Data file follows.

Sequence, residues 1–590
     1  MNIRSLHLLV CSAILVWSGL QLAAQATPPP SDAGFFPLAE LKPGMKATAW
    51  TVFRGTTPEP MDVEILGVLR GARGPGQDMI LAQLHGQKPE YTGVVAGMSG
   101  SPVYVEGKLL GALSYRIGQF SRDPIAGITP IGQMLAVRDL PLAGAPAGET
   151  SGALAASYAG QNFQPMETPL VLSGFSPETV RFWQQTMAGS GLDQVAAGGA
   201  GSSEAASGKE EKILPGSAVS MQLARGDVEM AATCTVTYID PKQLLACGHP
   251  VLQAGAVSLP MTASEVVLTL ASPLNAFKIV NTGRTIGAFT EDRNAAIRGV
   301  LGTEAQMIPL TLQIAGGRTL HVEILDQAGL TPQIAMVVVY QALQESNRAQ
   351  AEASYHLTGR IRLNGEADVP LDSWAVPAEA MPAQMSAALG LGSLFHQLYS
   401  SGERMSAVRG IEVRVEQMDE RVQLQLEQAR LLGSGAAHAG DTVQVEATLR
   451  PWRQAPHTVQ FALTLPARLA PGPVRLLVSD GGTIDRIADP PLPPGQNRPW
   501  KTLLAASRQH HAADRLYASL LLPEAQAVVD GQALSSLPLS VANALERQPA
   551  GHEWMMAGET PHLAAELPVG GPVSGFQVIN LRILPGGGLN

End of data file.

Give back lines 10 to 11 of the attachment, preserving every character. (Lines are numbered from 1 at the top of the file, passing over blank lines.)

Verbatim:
   401  SGERMSAVRG IEVRVEQMDE RVQLQLEQAR LLGSGAAHAG DTVQVEATLR
   451  PWRQAPHTVQ FALTLPARLA PGPVRLLVSD GGTIDRIADP PLPPGQNRPW